If third quarter results are any indication, mortgage lenders that have big servicing portfolios are in for some good times. Despite the rate volatility that saw 30-year mortgage rates climbing by more than 100 basis points between late June and early September, only to fall back below the 6% threshold by the end of the third quarter, servicers were able to reclaim some "impairment reserve" during the third quarter.
Enough to boost earnings-per-share by a dollar at Countrywide, for example. Enough to largely erase the problems associated with poor hedging of the mortgage pipeline at Washington Mutual, for example.
The neat thing about the third quarter is that, in no small part because of full loan production pipelines at the end of the second quarter, lenders got a rare combination of benefits. Loan production revenue remained strong. Mortgage servicing revenue increased as well. That's a stark contrast from the drag that mortgage servicing rights placed on stellar loan production numbers during most of the refinancing boom.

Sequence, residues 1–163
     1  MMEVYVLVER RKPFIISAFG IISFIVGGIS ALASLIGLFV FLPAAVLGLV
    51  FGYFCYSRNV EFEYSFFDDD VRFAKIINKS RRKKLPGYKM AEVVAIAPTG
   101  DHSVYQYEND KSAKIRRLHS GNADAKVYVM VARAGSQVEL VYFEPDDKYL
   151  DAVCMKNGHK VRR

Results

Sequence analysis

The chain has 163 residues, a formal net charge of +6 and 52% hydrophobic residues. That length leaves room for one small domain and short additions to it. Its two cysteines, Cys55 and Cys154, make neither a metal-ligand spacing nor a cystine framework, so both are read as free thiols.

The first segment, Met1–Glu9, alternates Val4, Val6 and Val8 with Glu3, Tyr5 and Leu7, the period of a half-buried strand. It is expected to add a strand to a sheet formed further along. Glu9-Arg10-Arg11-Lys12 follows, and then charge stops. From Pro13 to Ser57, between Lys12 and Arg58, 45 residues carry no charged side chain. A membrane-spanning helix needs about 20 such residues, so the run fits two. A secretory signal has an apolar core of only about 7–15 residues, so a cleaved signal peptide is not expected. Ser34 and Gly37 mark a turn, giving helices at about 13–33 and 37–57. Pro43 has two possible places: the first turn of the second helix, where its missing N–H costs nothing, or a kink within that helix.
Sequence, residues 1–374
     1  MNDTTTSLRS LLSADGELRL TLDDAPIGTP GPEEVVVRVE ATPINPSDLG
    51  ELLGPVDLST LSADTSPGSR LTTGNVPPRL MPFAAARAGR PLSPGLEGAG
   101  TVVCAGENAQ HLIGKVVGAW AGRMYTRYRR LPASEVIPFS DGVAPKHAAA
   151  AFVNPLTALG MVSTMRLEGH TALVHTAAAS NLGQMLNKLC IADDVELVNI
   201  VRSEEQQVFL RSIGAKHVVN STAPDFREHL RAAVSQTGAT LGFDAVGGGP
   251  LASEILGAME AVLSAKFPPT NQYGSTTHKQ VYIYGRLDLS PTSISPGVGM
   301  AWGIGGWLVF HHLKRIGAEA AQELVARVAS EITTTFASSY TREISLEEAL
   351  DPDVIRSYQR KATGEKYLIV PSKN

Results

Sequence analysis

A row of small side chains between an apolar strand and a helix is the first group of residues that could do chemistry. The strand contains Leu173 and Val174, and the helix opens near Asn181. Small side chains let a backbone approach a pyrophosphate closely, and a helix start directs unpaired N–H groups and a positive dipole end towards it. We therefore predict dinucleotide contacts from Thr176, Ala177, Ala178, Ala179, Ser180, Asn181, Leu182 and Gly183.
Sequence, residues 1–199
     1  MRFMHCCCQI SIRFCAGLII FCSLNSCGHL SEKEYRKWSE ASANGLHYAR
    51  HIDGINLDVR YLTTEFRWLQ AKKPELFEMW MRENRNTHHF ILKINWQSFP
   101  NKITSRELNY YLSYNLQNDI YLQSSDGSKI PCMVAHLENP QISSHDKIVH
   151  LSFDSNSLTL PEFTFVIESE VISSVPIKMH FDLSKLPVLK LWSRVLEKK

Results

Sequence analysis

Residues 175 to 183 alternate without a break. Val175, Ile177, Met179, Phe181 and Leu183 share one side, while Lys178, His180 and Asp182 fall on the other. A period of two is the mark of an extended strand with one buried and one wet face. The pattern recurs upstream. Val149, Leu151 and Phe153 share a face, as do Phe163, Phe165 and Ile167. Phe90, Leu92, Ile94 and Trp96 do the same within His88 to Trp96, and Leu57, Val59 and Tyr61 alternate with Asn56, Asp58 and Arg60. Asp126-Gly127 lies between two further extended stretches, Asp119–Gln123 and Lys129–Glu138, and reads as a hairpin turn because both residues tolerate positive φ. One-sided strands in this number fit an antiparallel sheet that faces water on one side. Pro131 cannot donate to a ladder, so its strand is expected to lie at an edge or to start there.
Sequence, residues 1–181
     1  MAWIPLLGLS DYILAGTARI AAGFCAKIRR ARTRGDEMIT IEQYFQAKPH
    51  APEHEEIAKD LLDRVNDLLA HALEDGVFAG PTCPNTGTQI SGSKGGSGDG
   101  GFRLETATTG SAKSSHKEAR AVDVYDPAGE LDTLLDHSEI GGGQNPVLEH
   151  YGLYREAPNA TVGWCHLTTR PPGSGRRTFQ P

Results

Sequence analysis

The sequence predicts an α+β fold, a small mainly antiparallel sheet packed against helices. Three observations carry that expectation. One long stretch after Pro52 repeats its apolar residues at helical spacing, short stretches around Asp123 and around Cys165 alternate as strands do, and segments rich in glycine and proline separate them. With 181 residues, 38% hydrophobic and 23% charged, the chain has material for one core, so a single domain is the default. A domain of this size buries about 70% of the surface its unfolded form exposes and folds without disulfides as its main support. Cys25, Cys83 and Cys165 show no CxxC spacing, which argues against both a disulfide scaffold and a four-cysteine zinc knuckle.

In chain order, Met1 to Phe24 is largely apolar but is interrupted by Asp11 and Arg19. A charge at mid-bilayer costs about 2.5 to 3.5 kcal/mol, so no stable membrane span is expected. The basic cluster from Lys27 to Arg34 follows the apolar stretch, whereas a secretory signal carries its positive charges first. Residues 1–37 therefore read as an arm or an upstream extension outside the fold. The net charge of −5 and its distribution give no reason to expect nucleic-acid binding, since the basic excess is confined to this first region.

But like all good things, it can't last forever. We expect the fourth quarter of this year to be another banner one for the mortgage industry, with loan production levels falling from the peaks established earlier this year but remaining robust by historical standards. Mortgage servicing will probably look even better at the end of the fourth quarter than it does today. Companies like Wells Fargo, which had a weighted average note rate just below 6% at the end of the third quarter, will benefit from servicing portfolios with minimal runoff risk if rates edge upward between now and the end of the year, as many economists predict.
As for next year, we expect the mortgage servicing business to continue to shine. But that may not be enough to offset the sharp decline in loan production volume that is possible. Loan origination volume next year may come in at about half of this year's total - and that's assuming that rates only rise modestly. The big picture: most mortgage companies will have trouble matching the record profits that they've seen this year, even if lending volume does remain well above the $1 trillion level, as most housing economists predict. Yes, we're predicting that loan volume will fall dramatically. But then again, we made that prediction last year too.
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